The daily dose of ribavirin is currently determined on the basis of patient body weights. However, this is not considered to be adequate theoretically, since total plasma clearance of ribavirin (CLtotal) is due to hepatic metabolism and renal excretion. Recently, we proposed that the dosage of ribavirin be determined on the basis of renal function and body weight as the result of analyzing clinical data for 19 Japanese chronic hepatitis C patients. Thereafter, data were obtained for additional chronic hepatitis C patients (31 males and 16 females) and we re-evaluated the feasibility of using renal function for the determination of ribavirin dosage in the present study. A steady-state trough plasma concentration (Cpss) was achieved for ribavirin approximately 4 weeks after the initiation of treatment. There was marked variation in Cpss values among patients, and high ribavirin concentrations (>3500ng/mL) caused red blood cell disorders, as evaluated from plasma hemoglobin levels. Calculated as daily dose/body weight/trough Cpss, CLtotal for ribavirin was well correlated with the creatinine clearance (CLcr) of patients, and it was also well correlated with body weight, age, serum creatinine (S-Cr) and alanine aminotransferase (ALT) levels. This would indicate that CLtotal for ribavirin normalized by body weight is dependent on the renal function of the patient. Also, a linear relationship was observed between the predicted Cpss, which was estimated from body weight, dose and CLcr, and the observed Cpss (Observed Cpss=1.02×Predicted Cpss+27.71, 10 patients, r=0.6585). In conclusion, the determination of ribavirin dosages on the basis of renal function and body weight, rather than body weight alone, could be a better method of obtaining the plasma levels of ribavirin desired for achieving effective and safe treatment.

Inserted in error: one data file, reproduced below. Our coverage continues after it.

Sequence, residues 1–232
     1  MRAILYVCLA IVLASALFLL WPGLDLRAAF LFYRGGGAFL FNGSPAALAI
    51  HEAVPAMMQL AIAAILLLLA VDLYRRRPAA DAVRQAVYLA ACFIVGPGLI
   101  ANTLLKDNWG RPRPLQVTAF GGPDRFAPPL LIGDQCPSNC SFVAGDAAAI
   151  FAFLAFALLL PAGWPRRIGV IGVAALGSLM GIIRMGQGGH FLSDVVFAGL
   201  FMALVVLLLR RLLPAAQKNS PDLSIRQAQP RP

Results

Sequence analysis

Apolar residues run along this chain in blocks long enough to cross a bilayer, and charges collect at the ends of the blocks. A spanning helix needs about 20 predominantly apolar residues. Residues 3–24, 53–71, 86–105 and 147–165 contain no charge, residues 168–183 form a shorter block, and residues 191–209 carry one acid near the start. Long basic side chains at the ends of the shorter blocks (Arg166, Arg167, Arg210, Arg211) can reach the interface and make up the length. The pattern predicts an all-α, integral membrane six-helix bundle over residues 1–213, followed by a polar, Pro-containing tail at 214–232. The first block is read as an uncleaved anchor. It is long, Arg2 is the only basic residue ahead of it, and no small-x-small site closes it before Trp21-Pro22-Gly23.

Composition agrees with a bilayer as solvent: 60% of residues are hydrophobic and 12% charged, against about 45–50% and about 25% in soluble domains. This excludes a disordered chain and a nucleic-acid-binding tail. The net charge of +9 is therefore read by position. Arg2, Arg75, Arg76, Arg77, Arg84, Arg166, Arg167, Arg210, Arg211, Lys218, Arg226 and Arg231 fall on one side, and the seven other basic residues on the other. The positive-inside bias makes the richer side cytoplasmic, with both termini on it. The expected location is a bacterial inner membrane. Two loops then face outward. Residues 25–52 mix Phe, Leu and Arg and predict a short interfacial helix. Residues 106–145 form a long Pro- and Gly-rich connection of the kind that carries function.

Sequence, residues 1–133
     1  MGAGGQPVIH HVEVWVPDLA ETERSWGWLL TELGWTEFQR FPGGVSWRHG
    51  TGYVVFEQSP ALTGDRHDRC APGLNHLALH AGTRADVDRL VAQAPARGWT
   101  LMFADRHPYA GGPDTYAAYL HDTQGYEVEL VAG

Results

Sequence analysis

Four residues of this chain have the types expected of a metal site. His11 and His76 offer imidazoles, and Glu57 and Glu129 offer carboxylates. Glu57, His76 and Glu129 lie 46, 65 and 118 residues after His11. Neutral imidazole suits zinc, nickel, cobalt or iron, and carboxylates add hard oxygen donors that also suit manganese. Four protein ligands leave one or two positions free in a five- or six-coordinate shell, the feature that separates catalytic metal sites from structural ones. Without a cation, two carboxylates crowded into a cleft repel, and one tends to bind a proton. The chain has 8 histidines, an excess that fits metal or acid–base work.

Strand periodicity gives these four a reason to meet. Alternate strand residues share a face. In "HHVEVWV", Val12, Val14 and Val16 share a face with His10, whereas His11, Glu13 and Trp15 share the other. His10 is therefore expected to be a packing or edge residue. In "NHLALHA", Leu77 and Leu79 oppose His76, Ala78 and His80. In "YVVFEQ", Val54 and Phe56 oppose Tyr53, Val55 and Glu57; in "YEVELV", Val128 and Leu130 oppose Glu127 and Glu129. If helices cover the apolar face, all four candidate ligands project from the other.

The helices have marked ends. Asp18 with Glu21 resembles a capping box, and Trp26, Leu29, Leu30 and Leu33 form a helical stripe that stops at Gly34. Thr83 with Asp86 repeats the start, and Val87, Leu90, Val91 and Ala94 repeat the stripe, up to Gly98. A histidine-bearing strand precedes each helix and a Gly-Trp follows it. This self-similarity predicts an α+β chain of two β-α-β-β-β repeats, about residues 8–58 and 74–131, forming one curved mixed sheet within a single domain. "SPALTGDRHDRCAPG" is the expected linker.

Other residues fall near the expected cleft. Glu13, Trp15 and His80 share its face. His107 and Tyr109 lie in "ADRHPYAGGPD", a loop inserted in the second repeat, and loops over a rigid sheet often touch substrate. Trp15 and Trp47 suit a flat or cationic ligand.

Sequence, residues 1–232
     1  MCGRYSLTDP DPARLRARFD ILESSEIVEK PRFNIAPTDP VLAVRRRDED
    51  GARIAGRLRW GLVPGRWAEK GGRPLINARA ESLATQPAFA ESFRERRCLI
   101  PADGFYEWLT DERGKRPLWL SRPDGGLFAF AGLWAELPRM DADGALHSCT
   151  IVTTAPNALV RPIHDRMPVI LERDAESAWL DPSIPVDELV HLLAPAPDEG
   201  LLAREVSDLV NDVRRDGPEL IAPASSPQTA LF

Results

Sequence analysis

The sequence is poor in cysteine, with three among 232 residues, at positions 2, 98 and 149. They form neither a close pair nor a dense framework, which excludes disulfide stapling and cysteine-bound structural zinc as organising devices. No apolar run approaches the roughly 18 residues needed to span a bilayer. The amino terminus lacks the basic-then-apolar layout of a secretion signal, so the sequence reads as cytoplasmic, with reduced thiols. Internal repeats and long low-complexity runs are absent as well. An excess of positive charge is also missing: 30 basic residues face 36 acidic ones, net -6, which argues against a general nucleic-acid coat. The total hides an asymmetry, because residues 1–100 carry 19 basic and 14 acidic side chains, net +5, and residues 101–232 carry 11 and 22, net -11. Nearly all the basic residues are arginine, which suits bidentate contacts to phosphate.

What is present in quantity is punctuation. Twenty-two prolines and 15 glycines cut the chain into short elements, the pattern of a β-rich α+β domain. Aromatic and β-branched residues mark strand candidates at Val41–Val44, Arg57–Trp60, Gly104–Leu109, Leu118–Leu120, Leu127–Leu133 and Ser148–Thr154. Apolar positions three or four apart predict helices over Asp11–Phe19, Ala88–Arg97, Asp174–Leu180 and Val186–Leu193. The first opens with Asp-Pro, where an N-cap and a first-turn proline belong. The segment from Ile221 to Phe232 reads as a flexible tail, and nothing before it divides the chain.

With the aim of improving the in vivo pharmacokinetic profile after rectal administration of the standard rifampicin (RFP) suppository, a new type of suppository containing a solid dispersion of RFP was prepared and evaluated in vitro and in vivo in rats. The RFP solid dispersion was prepared by mixing RFP powder with polyethylene glycol (PEG) # 3000 or #6000 in a weight ratio of 1 : 3 to make an amorphous condition. Based on an in vitro release study on RFP, Witepsol H-32 was selected as the suppository base instead of Witepsol H-15 that is used for the standard suppository. Further, with the Witepsol H-32 suppository, the in vitro release profile of RFP for a solid dispersion in PEG #3000 (H-32/SD 30) was superior to that for a dispersion in PEG #6000 (H-32/SD 60). The area under the concentration vs. time curve (AUC) of RFP from the H-32/SD 30 suppository after rectal administration was 2.8-fold that from the standard suppository. Addition of the absorption enhancers sodium deoxycholate, sodium ursodeoxycholate and gall powder to the H-32/SD 30 suppository increased the AUC of RFP after rectal administration 1.2-fold, 1.5-fold and 1.6-fold, respectively. Moreover, the AUC for the H-32/SD 30 suppository including gall powder was 80% of the AUC in the case of orally administering the same dose of RFP to rats. The results of this study showed that our new type of RFP suppository containing an RFP solid dispersion was effective in improving RFP dissolution and bioavailability after rectal administration.